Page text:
CHICAGO, Ill. – The World Trade Organization’s Appellate Body today confirmed that Airbus received $18 billion in illegal “launch aid” and other subsidies from European governments.
“This is a clear, final win for fair trade that will level the playing field for America’s aerospace workers,” said Jim McNerney, Boeing chairman, president and chief executive officer. “The WTO has concluded that launch aid and other illegal Airbus subsidies distorted the market, harmed U.S. industry and now must end. The administration—particularly the Office of the U.S. Trade Representative—and the Congress are to be commended for their long-standing efforts in this case to enforce global trade rules. We join them in calling for immediate compliance with this landmark ruling,” McNerney said.
“The WTO has rendered its final verdict, and now Europe must comply within 6 months,” said Boeing Executive Vice President and General Counsel J. Michael Luttig.
Altogether, the WTO confirmed that Airbus received $18 billion in illegal subsidies (principle amounts only). That includes $15 billion in launch aid, including $4 billion for the A380, without which Airbus could not have developed its fleet of airplanes. It also includes $3 billion in non-launch aid subsidies, which alone exceeds the $2.7 billion of un-remedied U.S. subsidies to Boeing (mainly NASA R&D spending) that the WTO identified in a separate ruling in March and that currently is under appeal.
“Airbus and its government sponsors have tried to justify their illegal subsidy practices by claiming that Boeing benefitted equally from government R&D contracts,” Luttig said. “But the WTO in March categorically rejected that argument, dismissing 80% of the EU’s claims against the United States and confirming the huge competitive advantage Airbus has as a result of massive illegal government subsidies.”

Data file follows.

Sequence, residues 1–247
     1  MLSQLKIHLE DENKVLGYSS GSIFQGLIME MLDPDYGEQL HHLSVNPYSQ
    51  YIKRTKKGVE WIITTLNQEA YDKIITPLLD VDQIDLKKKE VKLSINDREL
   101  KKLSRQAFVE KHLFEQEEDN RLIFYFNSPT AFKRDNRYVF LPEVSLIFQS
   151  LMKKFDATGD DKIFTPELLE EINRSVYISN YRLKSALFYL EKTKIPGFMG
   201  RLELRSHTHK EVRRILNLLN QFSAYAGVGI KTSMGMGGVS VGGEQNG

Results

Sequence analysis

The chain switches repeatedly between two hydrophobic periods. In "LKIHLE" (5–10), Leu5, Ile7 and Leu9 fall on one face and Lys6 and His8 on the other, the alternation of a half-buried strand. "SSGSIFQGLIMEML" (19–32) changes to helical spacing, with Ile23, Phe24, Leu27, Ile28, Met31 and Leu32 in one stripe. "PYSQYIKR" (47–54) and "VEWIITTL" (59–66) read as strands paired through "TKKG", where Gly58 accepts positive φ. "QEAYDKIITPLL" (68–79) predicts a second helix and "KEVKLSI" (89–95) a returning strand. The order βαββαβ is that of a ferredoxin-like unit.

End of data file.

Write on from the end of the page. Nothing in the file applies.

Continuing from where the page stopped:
Luttig stressed that Europe’s obligations resulting from today’s decision do not hinge on the ultimate WTO decision in the European case against the United States.
“Europe must end all practices held illegal by today’s decision—particularly launch aid; government loans for the A350 and future products must be on proven commercial terms,” he said.
Luttig also answered recent calls by Europe for a negotiated settlement.
“I understand why Airbus and its sponsor governments now want to negotiate. For 40 years they have relied on massive injections of launch aid, which today were confirmed to be illegal. We’re not interested in a settlement that would allow a continuation of illegal launch aid—the most pernicious, market-distorting subsidy of all,” he said. “Airbus currently has more than $17 billion of cash on hand. It can well afford to bring itself into compliance with the WTO ruling and thereafter develop airplanes without illegal aid from European governments.”
“The WTO rules, combined with the ruling in this case, give clear guidance on what governments can and cannot do to support their respective aerospace industries. These rules will govern all market participants and help ensure that competitions are won or lost based on the merits of the respective product offerings rather than on government subsidies,” he said.